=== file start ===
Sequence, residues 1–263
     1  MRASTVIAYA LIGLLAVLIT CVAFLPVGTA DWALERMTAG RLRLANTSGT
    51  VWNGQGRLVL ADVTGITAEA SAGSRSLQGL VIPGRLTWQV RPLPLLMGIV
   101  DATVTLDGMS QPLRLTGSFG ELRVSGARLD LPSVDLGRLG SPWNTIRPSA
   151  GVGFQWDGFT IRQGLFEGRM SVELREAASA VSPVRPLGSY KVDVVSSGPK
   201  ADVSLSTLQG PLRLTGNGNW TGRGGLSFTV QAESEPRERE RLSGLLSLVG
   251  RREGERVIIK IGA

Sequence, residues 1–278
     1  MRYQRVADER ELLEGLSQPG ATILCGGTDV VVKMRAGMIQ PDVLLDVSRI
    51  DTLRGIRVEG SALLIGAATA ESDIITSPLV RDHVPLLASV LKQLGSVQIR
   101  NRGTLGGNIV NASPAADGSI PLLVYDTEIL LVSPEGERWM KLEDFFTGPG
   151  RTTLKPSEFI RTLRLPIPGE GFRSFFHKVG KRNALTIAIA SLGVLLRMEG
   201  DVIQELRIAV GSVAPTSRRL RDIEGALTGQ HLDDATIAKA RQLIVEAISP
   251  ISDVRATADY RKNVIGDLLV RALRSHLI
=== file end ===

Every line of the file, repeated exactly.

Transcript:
Sequence, residues 1–263
     1  MRASTVIAYA LIGLLAVLIT CVAFLPVGTA DWALERMTAG RLRLANTSGT
    51  VWNGQGRLVL ADVTGITAEA SAGSRSLQGL VIPGRLTWQV RPLPLLMGIV
   101  DATVTLDGMS QPLRLTGSFG ELRVSGARLD LPSVDLGRLG SPWNTIRPSA
   151  GVGFQWDGFT IRQGLFEGRM SVELREAASA VSPVRPLGSY KVDVVSSGPK
   201  ADVSLSTLQG PLRLTGNGNW TGRGGLSFTV QAESEPRERE RLSGLLSLVG
   251  RREGERVIIK IGA

Sequence, residues 1–278
     1  MRYQRVADER ELLEGLSQPG ATILCGGTDV VVKMRAGMIQ PDVLLDVSRI
    51  DTLRGIRVEG SALLIGAATA ESDIITSPLV RDHVPLLASV LKQLGSVQIR
   101  NRGTLGGNIV NASPAADGSI PLLVYDTEIL LVSPEGERWM KLEDFFTGPG
   151  RTTLKPSEFI RTLRLPIPGE GFRSFFHKVG KRNALTIAIA SLGVLLRMEG
   201  DVIQELRIAV GSVAPTSRRL RDIEGALTGQ HLDDATIAKA RQLIVEAISP
   251  ISDVRATADY RKNVIGDLLV RALRSHLI